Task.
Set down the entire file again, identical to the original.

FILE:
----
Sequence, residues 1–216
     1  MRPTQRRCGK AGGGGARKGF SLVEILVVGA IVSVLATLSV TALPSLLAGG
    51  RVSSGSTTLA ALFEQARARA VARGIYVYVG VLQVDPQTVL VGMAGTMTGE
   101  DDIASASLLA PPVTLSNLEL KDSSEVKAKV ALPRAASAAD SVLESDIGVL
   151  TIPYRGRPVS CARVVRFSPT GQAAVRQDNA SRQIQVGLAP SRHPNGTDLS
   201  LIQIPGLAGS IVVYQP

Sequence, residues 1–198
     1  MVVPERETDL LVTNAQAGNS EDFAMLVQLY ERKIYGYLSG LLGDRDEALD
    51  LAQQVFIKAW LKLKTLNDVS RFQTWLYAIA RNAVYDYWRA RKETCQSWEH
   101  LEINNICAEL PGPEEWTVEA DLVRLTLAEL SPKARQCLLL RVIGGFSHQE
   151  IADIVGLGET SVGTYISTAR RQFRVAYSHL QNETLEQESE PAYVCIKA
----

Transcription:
Sequence, residues 1–216
     1  MRPTQRRCGK AGGGGARKGF SLVEILVVGA IVSVLATLSV TALPSLLAGG
    51  RVSSGSTTLA ALFEQARARA VARGIYVYVG VLQVDPQTVL VGMAGTMTGE
   101  DDIASASLLA PPVTLSNLEL KDSSEVKAKV ALPRAASAAD SVLESDIGVL
   151  TIPYRGRPVS CARVVRFSPT GQAAVRQDNA SRQIQVGLAP SRHPNGTDLS
   201  LIQIPGLAGS IVVYQP

Sequence, residues 1–198
     1  MVVPERETDL LVTNAQAGNS EDFAMLVQLY ERKIYGYLSG LLGDRDEALD
    51  LAQQVFIKAW LKLKTLNDVS RFQTWLYAIA RNAVYDYWRA RKETCQSWEH
   101  LEINNICAEL PGPEEWTVEA DLVRLTLAEL SPKARQCLLL RVIGGFSHQE
   151  IADIVGLGET SVGTYISTAR RQFRVAYSHL QNETLEQESE PAYVCIKA